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I have well water and the main pipe bringing the water from the well into the house had leak. The pipe was replaced with a new pipe about a month ago.

Since then, the water pressure has been dropping gradually. The well guy came in yesterday and he told me that it was the filter in the line that got clogged up with debris. I replaced the filter again - I had put a new filter after the pipe was replaced-- and pressure is better that after the pipe replacement, but not as good as before. The well guy mentioned that if the problem persists after replacing the filter, it might be the tank might gone bad and it needs to be replaced. He looked at the tank which is 4 year old and there is no leaks, no rust, no scratches, nor any signs that would indicate a bad tank.

My question is: Considering the tank looks in good condition, how does the reservoir tank affect the pressure into the house?

I am by no means a plumber, but other than having leaks, I don't understand the role the tank plays on the water pressure flowing through the pipe. Or is the well guy trying to pull a fast one?

  • Not all workers are “trying to pull a fast one”, some want to help... hope your well guy is not on here and recognizes you... – Solar Mike Aug 16 at 5:19
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The tank has a bladder inside the bladder holds the water on the outside of the bladder( inside the tank is filled with air) . With the tank empty of water we normally pressurize the air to a few pounds less than the pump turn on pressure. So if your pressure switch is set for 40-60 it turns on at 40 psi and when it reaches 60 it turns off in this case we Would pressurize the tank 36-38 psi. This pressure pushes most of the water out of the tank with out the pump needing to start until the pressure drops to 40 psi. If the bladder had a leak and was not holding air the pump would short cycle rapidly and your pressure at your faucet has low flow. To check this turn your pump off drain the water out, using a tire pressure gauge measure the air pressure in the tank there is a small Schrader valve on the top of your tank.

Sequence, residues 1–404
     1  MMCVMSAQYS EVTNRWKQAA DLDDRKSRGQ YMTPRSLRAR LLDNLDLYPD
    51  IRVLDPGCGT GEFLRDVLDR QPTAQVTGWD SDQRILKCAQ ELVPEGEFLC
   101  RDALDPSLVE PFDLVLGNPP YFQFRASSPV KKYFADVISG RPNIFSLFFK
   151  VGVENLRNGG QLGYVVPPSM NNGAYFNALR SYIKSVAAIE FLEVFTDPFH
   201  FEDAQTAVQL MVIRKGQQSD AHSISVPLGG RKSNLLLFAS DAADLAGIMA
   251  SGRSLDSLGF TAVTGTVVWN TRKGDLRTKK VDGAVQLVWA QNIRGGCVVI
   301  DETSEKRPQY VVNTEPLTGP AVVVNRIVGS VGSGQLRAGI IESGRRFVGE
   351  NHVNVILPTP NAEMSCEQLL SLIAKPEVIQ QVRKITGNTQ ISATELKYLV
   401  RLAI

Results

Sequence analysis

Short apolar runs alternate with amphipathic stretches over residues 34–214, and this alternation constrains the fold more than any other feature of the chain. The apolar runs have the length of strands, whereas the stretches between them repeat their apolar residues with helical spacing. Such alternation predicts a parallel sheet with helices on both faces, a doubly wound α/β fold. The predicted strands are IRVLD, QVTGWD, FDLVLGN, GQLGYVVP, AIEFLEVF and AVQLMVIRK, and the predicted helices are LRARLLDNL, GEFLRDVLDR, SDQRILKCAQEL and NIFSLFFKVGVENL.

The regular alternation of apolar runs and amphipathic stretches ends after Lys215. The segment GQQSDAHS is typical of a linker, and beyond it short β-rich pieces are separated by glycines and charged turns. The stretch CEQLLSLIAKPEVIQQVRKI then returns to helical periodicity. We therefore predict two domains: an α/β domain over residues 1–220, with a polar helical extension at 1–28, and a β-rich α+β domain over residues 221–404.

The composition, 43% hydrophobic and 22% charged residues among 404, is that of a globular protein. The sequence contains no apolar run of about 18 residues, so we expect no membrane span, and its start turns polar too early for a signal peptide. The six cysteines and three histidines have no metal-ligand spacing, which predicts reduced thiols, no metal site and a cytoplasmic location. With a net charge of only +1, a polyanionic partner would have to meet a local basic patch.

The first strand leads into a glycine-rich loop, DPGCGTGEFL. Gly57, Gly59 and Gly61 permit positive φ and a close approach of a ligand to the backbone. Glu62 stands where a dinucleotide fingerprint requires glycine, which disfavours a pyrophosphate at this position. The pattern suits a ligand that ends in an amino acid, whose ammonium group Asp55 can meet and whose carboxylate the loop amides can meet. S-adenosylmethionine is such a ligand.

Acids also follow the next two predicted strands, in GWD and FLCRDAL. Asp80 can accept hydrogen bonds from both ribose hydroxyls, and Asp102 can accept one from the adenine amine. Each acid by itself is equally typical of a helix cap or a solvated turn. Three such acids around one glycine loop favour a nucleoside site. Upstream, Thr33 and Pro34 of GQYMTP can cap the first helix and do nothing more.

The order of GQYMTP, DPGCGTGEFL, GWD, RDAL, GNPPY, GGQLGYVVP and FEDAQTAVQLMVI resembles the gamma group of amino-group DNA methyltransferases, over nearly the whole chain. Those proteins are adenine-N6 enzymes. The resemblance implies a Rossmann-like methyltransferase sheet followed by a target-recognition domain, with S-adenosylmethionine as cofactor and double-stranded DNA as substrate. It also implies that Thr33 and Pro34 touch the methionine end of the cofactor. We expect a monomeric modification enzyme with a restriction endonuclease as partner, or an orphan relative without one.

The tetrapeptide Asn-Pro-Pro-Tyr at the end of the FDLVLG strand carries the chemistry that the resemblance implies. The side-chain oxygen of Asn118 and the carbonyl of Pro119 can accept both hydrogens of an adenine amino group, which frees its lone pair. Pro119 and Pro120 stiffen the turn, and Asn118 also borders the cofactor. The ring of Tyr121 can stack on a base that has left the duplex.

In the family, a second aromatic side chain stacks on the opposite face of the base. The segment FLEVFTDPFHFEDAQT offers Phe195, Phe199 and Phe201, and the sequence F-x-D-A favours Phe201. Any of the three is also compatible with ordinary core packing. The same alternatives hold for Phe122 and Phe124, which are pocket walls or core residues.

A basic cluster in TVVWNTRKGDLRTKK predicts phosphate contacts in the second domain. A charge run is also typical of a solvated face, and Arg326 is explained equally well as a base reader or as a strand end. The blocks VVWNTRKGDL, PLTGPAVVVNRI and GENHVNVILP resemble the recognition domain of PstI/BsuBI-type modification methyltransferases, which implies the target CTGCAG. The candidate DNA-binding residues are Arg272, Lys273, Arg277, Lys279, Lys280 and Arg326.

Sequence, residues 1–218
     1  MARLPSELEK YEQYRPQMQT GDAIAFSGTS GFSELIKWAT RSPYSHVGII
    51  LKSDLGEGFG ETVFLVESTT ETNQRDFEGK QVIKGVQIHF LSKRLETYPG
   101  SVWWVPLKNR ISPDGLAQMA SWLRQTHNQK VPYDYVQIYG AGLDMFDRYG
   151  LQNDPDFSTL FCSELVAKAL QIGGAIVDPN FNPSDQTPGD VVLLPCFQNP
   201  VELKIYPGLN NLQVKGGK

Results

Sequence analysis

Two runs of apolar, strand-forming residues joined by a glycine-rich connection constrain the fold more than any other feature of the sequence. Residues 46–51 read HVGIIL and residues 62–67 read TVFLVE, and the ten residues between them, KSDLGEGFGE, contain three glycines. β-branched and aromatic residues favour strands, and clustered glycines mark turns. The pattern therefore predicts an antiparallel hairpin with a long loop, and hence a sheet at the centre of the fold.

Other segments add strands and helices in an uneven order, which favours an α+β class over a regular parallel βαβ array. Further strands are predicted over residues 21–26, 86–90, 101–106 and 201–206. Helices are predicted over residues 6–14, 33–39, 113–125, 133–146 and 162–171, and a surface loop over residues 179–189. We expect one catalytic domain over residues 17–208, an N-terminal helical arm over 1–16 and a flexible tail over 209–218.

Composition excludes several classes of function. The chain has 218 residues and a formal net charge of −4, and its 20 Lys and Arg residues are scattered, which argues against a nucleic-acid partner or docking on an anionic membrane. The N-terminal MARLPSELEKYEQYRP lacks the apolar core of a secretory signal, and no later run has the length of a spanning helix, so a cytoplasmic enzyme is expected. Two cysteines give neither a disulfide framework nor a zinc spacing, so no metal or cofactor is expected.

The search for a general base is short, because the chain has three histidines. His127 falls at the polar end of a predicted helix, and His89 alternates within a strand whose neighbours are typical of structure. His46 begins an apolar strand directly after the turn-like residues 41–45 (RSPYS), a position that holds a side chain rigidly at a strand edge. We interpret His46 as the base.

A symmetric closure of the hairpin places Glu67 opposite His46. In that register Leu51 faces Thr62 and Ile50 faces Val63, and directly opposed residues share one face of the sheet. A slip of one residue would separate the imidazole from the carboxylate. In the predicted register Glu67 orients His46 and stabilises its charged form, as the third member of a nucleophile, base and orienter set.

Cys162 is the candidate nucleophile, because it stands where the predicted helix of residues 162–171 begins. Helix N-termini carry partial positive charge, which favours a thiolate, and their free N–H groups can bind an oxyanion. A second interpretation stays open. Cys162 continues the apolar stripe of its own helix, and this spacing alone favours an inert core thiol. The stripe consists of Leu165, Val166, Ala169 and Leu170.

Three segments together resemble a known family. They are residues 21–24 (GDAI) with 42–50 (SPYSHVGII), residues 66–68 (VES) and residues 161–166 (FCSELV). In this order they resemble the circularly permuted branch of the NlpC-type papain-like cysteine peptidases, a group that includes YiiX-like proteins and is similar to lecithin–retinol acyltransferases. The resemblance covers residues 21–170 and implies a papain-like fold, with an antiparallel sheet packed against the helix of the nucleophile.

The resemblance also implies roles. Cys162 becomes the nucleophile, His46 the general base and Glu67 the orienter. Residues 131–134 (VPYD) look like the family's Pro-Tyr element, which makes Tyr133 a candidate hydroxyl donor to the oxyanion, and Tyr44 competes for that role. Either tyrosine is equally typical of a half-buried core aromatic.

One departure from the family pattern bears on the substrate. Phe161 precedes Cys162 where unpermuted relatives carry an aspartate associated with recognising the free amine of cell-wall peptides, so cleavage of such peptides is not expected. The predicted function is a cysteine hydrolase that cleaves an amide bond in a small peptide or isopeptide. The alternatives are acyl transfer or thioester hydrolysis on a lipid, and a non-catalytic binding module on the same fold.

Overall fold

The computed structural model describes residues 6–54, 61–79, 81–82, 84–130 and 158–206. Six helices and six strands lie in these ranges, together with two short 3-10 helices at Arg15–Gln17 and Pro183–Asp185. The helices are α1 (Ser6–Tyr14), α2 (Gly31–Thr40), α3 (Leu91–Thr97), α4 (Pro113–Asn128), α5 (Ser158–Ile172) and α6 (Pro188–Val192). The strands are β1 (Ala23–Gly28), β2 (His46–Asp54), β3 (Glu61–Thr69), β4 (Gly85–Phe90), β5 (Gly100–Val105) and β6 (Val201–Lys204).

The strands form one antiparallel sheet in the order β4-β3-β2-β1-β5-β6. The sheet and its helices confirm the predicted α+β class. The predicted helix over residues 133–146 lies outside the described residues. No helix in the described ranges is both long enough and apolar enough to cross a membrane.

if the pressure is below your cut in or pump on pressure by more than 5 psi it needs to be filled. A standard air compressor or bicycle pump can be used to pump it up. It may have a leak or got bumped when the pipe was replaced if it holds everything should be back to normal. Some manufacturers do make replacement bladders but seeing that they are not much cheaper than a new tank and a new tank will have a warranty I usually go new tank but have purchased bladders when they were reasonably priced. If the tank is holding its air charge the next thing is the pressure switch, I have had them freeze and not quite work correctly so it had to be replaced. If you don’t have a pressure gauge on your water line after the tank, it is a good idea to have one this way you can see when your pump is cycling and the pressure values. This should help you troubleshoot the system. Your plumber should have checked the air charge especially since the tank is only 4 years old, bladder based tanks at normal pressures have lasted over 20 and some closer to 30 years so I would check it out prior to replacing.

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